Hello boy, this is a moment. Has a government agency in the United States sued Amazon of allegations that the company is breaking the law by unfairly suppressing competition.
The lawsuit, filed Tuesday by the District of Columbia Attorney General, joins the government’s recent antitrust proceedings against Google and Facebook. These lawsuits will take forever, and legal experts have said that companies do likely to have the upper hand in court.
However, DC Attorney General Karl Racine is making a legal argument against Amazon that is both old-fashioned and novel, and it could become a blueprint for the ripple of big tech power.
It’s a long-standing claim by some independent retailers who sell on Amazon’s digital mall that the company punishes them when they sell their products at a cheaper price on their own websites or other shopping sites such as Walmart.com. These sellers are effectively saying that Amazon dictates what happens on shopping pages across the internet and that is how they manufacture products expensive for all of us.
Racine made this claim a core part of his lawsuit. Amazon has previously said that merchants have absolute authority to set prices on the products they sell on its website, but that ignores the fact that the company has subtle levers to make merchants’ products virtually invisible to buyers. If a retailer lists a product at a cheaper price on another website, Amazon can respond by making it more cumbersome for a buyer to purchase the item.
In a statement to my colleagues, Amazon said that retailers are free to list and rate their products as they see fit, but Amazon can choose not to highlight products that are not at competitive prices.
Why is the Attorney General’s claim a big deal?
Legal experts have said it is difficult to sue tech giants for violating antitrust laws. This is in part due to the way US competition laws have been written, interpreted, and enforced over the decades. However, the lawsuit against Amazon circumvents this by stating that the tech giant is hurting the public just as much as the railways and steel giants of the 19th century – by heavily arming competition and raising prices at will.
Last year, legal scholar and big tech critic Tim Wu told me He believed these price claims represented the strongest potential antitrust lawsuit against Amazon for legal reasons. (He has since been selected advise the White House on corporate competition issues.)
I don’t know if any of these lawsuits against Big Tech will succeed in undermining the enormous influence of companies. And I can’t definitely say if we are better or worse when we have a handful of high performing tech companies that make products that are used and often loved by billions of people.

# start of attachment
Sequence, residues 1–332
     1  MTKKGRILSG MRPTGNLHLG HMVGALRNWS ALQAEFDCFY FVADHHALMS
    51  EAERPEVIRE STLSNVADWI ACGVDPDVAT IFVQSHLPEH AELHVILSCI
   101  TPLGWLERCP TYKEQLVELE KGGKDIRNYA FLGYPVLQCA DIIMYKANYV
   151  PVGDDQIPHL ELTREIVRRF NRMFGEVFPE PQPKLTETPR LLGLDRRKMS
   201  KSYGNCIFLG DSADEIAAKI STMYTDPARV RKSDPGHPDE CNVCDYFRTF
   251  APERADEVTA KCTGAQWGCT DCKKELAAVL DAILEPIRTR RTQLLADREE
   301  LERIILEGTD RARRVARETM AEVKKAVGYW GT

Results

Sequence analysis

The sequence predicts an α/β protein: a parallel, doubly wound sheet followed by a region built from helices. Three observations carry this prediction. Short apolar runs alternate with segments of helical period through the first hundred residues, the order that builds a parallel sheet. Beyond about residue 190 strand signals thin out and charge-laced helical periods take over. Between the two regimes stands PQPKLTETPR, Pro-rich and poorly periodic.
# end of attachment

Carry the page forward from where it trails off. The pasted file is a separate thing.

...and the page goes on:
However, it has been remarkable to see the evolution of thinking among some citizens and politicians, from justified awe of these companies and what they do, to questioning the disadvantages of technology and the sometimes audacious companies that stand behind them.
It’s an unfair and loud mess at times. But think about why we got here: Tech giants are among the most powerful forces in our world, and The price of power is control.
How to fight back against fake online information: Comedian Sarah Silverman and three of my colleagues are hosting a virtual event on Wednesday about disinformation and how to fight it. Login here for the online event at 7 p.m. Eastern. It is only open to New York Times subscribers.
Before we go …
Florida has passed a law that provides for this fine social media company for the permanent blocking of the accounts of political candidates. The move is most likely unconstitutional and unenforceable, Democrats, libertarian groups and tech companies told my colleague David McCabe, but it is a response to Facebook and Twitter’s suspension of former President Donald Trump.
Posting is life. My colleague Taylor Lorenz explains how social media invitations to a teen’s birthday party look like on TikTok and drew thousands of people and police action. Part of the reason the event grew big was because attendees had the opportunity to post compelling material online. SIGH.
POTUS loves Apple News? I don’t like computers and smartphones coming with device manufacturer apps already installed, but it’s effective – even with the President of the United States. The Washington Post reported During the 2020 campaign, Joe Biden shared Apple News human interest stories with the aides posted on his iPhone that he apparently did not delete.
The Linda Lindas are splendid. Here is the talented punk band of four girls between the ages of 10 and 16 – Bela, Eloise, Mila and Lucia – play “Racist, Sexist Boy” in a public library in Los Angeles. The guard interviewed her of her sudden internet fame.
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